"There are animal welfare considerations that also were not really taken into account, I think, in the decision," O'Connell said. "That's a huge oversight. If you knew that there was going to be an animal killed — a cow, or something that you're eating — and it would take it eight minutes to die, in some cases, that would never pass traditional animal welfare standards for land animals. That is known to have happened in some cases in the fin whale hunt, and so I think that really needs to be looked into much more carefully."
Loftsson was profiled by the New York Times last August, noting the 75-year-old businessman inherited Hvalur from his father and has worked in the company his entire life. The Times describes a man who loves hunting whales and is utterly dismissive of critics of the practice.
"Mr. Loftsson likes to say that whale blood runs in his veins," the Times writes, noting that when people object to the industry, he waves them off by saying, "Just tell them to look somewhere else. They can just turn around and look the other way."
"If it's sustainable, you hunt," Loftsson told the Times, which noted that, despite questionable profitability for the trade, the businessman paid the equivalent of roughly $2.8 million in taxes in 2017, pointing to a substantial income.
The Conversation noted last May that Hvalur has been sporadically given fin whale quotas since 2006, but didn't even seek them in 2016 and 2017 due to profitability concerns. Similarly, IP-Utgerd Ltd., the only Icelandic company to hunt minke whales, took in just six whales last year, even though it was allowed a maximum of 262.
The publication noted that shipments to Japan, where Hvalur makes nearly all its money, are spotty, because companies are reluctant to carry the stigmatized meat. Ships that carry the product also routinely encounter protests at their ports of call.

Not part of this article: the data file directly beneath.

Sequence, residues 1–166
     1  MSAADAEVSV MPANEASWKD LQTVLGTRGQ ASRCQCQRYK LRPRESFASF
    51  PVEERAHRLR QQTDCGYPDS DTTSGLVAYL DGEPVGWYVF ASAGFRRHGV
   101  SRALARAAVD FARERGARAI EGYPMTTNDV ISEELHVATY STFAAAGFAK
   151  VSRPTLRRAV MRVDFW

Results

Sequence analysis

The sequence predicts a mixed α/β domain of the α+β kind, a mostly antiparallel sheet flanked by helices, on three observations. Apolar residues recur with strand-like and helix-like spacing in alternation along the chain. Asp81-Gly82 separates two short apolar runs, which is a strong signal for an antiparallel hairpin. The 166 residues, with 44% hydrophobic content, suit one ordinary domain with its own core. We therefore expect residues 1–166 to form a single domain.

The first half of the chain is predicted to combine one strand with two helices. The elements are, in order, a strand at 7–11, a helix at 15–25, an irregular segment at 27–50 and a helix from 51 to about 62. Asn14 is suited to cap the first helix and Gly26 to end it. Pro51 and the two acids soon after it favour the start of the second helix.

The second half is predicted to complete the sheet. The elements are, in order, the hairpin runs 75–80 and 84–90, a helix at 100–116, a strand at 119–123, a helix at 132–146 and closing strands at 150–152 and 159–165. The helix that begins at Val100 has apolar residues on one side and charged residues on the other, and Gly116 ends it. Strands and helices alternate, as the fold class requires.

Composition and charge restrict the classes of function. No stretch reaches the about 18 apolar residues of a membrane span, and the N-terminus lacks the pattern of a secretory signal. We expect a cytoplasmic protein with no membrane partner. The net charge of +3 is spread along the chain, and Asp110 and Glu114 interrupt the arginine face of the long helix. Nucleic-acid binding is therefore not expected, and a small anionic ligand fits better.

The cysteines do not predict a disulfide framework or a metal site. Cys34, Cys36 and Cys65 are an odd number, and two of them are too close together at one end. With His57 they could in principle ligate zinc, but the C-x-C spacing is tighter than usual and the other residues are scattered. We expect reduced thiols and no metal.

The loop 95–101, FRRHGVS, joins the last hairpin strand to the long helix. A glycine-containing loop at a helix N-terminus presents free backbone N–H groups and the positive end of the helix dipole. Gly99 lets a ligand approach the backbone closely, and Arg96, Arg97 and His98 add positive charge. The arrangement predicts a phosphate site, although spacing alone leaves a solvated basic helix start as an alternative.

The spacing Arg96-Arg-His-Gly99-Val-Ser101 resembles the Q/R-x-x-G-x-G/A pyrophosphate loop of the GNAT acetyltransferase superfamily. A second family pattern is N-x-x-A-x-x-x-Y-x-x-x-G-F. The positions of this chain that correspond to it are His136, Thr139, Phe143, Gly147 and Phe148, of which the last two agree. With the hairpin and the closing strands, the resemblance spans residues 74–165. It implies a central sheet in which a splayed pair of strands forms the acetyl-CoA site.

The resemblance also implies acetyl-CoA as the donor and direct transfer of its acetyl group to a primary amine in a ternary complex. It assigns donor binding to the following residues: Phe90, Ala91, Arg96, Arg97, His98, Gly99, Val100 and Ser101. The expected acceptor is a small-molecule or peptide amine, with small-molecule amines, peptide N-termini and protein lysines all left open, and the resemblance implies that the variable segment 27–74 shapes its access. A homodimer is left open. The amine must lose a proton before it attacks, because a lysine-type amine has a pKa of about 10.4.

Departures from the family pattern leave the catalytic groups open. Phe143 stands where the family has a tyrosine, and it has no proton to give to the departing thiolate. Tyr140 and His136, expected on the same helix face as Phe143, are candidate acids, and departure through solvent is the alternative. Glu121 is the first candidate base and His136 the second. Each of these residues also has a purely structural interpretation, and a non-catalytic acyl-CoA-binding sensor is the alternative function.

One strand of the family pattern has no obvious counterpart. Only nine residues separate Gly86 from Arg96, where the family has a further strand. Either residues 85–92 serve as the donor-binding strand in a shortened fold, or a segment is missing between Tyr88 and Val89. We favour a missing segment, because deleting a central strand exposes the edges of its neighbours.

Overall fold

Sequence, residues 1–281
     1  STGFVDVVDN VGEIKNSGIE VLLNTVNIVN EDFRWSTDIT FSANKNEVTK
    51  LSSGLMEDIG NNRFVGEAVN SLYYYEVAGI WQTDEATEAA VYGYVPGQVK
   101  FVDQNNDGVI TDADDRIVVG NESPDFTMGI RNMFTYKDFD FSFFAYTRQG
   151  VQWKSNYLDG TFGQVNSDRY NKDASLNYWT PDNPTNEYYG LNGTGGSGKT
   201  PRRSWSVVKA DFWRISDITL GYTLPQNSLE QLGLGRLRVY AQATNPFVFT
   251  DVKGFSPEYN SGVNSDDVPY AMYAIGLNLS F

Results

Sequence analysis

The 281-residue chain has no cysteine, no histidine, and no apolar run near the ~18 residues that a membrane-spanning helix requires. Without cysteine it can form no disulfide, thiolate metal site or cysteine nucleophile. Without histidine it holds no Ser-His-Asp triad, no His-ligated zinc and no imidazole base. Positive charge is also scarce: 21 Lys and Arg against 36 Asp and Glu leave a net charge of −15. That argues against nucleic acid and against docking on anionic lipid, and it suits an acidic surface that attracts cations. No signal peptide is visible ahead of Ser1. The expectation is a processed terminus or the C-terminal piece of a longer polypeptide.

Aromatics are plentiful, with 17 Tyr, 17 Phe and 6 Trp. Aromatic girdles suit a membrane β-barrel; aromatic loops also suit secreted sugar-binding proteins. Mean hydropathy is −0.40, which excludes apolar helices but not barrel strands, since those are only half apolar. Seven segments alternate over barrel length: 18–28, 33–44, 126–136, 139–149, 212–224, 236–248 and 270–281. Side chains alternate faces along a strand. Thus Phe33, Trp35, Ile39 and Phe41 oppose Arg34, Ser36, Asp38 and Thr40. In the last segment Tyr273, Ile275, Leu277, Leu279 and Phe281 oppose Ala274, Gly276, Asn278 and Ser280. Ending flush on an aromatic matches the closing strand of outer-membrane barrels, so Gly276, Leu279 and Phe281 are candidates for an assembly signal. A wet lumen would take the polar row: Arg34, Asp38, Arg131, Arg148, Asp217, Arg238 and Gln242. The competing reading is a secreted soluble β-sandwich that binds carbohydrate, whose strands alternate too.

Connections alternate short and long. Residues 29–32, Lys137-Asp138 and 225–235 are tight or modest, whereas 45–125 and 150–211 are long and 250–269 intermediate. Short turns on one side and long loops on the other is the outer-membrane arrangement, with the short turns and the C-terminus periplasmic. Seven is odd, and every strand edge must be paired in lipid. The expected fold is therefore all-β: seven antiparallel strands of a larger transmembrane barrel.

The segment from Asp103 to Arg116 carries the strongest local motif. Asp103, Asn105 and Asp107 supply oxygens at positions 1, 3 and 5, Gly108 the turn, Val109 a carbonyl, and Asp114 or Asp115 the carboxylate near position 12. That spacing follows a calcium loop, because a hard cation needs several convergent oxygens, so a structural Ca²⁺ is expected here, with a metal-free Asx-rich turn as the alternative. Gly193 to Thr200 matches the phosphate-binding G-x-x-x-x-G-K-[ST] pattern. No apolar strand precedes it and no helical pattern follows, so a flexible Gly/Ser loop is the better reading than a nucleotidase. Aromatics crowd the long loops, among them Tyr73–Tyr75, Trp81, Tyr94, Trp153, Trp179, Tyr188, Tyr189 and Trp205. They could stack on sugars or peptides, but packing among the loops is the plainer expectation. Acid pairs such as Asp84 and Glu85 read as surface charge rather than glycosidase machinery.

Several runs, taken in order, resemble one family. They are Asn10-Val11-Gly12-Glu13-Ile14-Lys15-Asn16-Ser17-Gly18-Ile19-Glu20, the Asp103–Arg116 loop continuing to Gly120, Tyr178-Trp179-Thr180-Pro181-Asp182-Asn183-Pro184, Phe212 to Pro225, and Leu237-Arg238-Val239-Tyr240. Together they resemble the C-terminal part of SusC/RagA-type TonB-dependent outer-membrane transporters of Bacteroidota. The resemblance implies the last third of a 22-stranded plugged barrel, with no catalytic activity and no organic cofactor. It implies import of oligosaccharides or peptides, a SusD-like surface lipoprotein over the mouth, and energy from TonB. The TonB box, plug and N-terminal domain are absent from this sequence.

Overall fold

"The reason is there's absolutely no domestic market for fin whale meat in Iceland," O'Connell told Sputnik. "Opinion polls in Iceland show that 81 percent of the public has never eaten whale meat, and even those that do only consume it in very small quantities; it's not a regular thing. It's not a traditional part of the food culture. And most if not all of the fin whale products are exported to Japan, where they're running into an increasingly shrinking market demand for whale meat."
"The Japanese aren't eating whale meat in the quantities that they used to. So quite a lot of the fin whale meat that has been shipped to Japan is sitting in customs bonded warehouses. So it really — to me, that doesn't make any sense."
"[W]hale watching has far outstripped whaling in terms of the economic benefits that are given to the country," O'Connell said. "You have hundreds of thousands of people going out each year to see whales now, and when they come over to see the whales, not only are they going whale watching, they're also staying in hotels, buying food, taking tours, and so the cumulative economic impacts are far more positive for the Icelandic economy than whaling."
The government reports noted that whaling brought in only $11.8 million per year between 2009 and 2017, but whale watching raked in over twice that: $26.7 million in 2017.
Jóhannes Thór Skúlason, director of the Icelandic Travel Industry Association, told the Reykjavik Grapevine last month following the reports that the tourist industry should have the benefit of the doubt when it comes to the extremely controversial whaling industry.